A gluten free oat flour pie crust recipe made simple without the need for special flour blends. Instructions include the methods for making by hand and also in a food processor.
I have a wildly popular recipe for the Best Gluten Free Pie Crust here on the website. It’s been around for awhile and truly tastes the most like a traditional (gluten full) pie crust. (For those not sensitive to gluten, I highly recommend my all butter pie crust that I dubbed No Excuses Pie Crust because it is made in a food processor.) As tasty as my other gluten free pie crust recipe is, I’ve been playing around with ingredients with the hope of creating a gluten free pie crust recipe that does not require expensive specialty flour blends. I generally prefer oat flour in place of those specialty gluten free flour blends when baking. Oats impart such a lovely, nutty flavor to baked goods, and the mouth feel is anything but gritty. So oat flour was where I began the process.
And boy, let me tell you, this was a process. I’m not too proud to say that it took eight different trials before nailing down the right proportion of ingredients for this recipe. EIGHT! For the Pie Girl!
Part of that process was because I want to be able to easily roll out a gluten free oat flour pie crust on a lightly (oat) floured surface, just as I would a traditional pie crust. I don’t want to fuss with rolling the dough between two pieces of parchment that may or may not want to peel away when it comes time to fill the pie plate. Sticky pie crust can be a real bummer.
If you don’t like to roll out pie crust, no worries! This recipe can also be “pushed in” to the pie plate as you would a graham cracker crust.
What’s in a gluten free oat flour pie crust?
Well, it begins where all good things do–with copious amounts of butter! Other simple ingredients like gluten free oat flour, cornstarch, granulated sugar, salt and iced water also make an appearance. I had the most success when testing the recipe using Bob’s Red Mill (gluten free) Oat Flour. The fine grind makes for the softest, flakiest texture. I also was successful in making the crust vegan, using Earth Balance Buttery Sticks.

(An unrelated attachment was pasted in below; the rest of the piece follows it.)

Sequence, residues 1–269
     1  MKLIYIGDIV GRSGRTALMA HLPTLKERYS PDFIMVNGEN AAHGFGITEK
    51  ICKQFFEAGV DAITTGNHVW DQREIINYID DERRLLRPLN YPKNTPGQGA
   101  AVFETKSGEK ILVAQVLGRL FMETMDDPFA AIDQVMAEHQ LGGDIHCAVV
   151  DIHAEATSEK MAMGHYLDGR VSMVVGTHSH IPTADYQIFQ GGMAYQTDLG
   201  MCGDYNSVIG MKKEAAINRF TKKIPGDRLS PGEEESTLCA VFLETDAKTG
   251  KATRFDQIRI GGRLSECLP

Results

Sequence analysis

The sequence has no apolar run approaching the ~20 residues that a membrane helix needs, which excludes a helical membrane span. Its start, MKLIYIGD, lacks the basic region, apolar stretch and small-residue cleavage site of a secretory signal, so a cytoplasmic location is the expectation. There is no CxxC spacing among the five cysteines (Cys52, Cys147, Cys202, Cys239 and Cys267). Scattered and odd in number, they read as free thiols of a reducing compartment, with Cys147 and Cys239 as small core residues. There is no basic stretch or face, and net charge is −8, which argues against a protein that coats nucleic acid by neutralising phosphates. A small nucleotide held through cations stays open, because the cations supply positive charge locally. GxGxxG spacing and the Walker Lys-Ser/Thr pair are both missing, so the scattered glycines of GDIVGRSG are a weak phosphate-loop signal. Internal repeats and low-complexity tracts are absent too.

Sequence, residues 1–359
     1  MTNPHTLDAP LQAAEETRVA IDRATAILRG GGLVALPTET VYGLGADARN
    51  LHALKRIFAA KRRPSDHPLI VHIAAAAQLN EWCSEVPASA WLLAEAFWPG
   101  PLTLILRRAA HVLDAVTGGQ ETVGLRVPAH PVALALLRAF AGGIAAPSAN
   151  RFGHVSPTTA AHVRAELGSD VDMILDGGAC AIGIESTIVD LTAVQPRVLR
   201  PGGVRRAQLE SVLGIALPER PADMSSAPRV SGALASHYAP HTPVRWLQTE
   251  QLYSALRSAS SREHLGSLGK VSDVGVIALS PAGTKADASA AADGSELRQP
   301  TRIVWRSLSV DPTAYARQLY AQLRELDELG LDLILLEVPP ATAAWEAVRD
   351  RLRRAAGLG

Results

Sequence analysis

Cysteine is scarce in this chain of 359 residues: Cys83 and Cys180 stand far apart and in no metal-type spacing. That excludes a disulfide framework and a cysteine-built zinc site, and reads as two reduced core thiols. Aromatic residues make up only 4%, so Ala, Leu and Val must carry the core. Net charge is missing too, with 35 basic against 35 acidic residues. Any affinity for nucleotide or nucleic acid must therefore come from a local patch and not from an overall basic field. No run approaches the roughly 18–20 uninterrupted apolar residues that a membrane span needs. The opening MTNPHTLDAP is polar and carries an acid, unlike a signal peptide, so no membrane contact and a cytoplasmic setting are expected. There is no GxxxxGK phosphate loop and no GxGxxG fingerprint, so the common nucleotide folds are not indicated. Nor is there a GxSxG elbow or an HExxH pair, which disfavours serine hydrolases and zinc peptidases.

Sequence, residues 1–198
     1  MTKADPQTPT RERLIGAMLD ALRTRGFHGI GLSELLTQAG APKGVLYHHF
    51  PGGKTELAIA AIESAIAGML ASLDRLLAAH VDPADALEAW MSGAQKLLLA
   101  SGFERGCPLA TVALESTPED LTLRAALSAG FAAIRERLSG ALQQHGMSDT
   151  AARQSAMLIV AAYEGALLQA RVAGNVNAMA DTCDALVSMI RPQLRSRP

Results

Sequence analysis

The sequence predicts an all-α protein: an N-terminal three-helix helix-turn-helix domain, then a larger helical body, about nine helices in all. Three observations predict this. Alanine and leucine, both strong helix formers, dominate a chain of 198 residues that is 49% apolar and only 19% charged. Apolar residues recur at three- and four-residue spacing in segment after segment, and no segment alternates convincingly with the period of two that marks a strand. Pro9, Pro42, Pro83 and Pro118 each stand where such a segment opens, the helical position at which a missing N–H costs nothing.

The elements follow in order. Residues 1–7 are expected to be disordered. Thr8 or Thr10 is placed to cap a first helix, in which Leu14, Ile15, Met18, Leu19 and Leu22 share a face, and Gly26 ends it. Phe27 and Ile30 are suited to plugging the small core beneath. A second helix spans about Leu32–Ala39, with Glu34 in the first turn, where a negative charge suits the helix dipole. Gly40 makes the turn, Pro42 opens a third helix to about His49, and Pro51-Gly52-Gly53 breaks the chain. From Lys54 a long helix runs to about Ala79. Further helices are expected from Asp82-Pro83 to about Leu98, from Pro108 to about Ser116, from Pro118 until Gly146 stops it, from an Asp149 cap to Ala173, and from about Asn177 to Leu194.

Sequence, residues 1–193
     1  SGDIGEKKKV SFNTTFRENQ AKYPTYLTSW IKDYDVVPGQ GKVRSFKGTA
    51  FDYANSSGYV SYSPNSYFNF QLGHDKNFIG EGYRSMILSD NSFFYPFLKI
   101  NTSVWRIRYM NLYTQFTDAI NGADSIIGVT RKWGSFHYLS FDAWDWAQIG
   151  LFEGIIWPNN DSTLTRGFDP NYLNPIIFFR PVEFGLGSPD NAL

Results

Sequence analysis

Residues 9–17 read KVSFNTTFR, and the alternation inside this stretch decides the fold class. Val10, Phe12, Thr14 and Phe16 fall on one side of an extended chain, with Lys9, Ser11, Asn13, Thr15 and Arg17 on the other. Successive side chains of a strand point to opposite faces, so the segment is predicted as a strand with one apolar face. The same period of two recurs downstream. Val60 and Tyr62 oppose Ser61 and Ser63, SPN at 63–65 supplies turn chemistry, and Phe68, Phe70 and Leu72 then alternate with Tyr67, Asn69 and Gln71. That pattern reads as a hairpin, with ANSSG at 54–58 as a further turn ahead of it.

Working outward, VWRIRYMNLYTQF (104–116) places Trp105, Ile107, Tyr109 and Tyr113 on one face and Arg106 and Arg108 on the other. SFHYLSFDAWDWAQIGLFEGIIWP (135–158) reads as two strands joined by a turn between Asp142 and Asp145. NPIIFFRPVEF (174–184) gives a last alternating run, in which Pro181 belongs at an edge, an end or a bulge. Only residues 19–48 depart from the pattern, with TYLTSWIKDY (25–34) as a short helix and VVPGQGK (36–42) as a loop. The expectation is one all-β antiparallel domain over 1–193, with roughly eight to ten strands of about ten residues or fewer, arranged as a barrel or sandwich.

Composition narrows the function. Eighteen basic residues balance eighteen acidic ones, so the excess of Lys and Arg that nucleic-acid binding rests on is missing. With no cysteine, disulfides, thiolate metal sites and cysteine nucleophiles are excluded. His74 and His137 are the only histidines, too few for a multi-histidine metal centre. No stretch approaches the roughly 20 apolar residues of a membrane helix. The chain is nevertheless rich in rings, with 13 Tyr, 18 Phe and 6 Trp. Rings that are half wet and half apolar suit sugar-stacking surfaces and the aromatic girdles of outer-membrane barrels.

Can’t I just grind my own oat flour?
Of course you may. I also test the recipe by grinding Bob’s Red Mill Gluten Free Oats into a fine powder to make my own oat flour. If you choose to grind your own gluten free oat flour, I do caution you to use old fashioned oats, ensure the oats you choose are gluten free, and also that the resulting flour is finely ground.
What’s up with the cornstarch?
Since the recipe for gluten free oat flour pie crust is, well, lacking gluten to hold it all together, the cornstarch acts as a binder. I tried various amounts cornstarch, xanthan gum, and arrowroot powder to act as a binder in the recipe. In my experience, straight up cornstarch yields the best texture and ease of rollability in the finished product. That said, you may substitute arrowroot powder 1:1 for the cornstarch in the recipe if you prefer. Just know that the arrowroot makes the dough a tad trickier to work with. I do not recommend using xanthan gum in this application.
Assemble the gluten free oat flour pie crust but cutting the butter into the dry ingredients before adding the water. Once you get the big clumps seen in the upper right photo of the collage, go ahead and gently smoosh it all together to form a ball. Press the ball into a disk, and wrap tightly in plastic wrap before chilling in the fridge for 30 minutes.
OR take the easy way out and follow the instructions to make the gluten free oat flour pie crust in a food processor in half the time. You do you, Boo.
Once the dough has been sufficiently chilled, roll it out, nestle it into a 9-inch glass pie plate, fill & bake it according to your favorite pie recipes. The resulting gluten free oat flour pie crust has a rustic shortbread texture with a slightly nutty flavor that pairs well with most any recipe.
Gluten free pie crusts are not as flaky as a traditional pie crust made with (gluten full) wheat flour. Gluten free pie crust does not behave in exactly the same way. Also, gluten free pie dough is more fragile. A little cracking when transferring the crust to a pie plate is normal. The dough also dries out quickly. If the dough will be sitting out while the filling is prepared, cover it with a damp paper towel.
This recipe was developed using Bob’s Red Mill Gluten Free Oat Flour. I cannot guarantee success of this recipe using different gluten free oat flour.
Cornstarch is a gluten free food. Be sure to carefully read all labels to ensure that the product you are buying is clearly labeled gluten free in order to avoid possible cross contamination.
Chilling the water with ice is to aid in keeping the butter as cold as possible while making the pie crust. STRAIN the ice out of the water before adding it to the recipe. Even the tiniest shard of ice will wreak havoc on a pie crust.
When baking in tempered glass pie plates, I place them on a light color, stainless steel baking sheet for baking—doing so ensures the bottom of the pie is cooked thoroughly. Nobody wants to eat a soggy pie!
This recipe can be made vegan by substitution Earth Balance Buttery Sticks in place of the butter.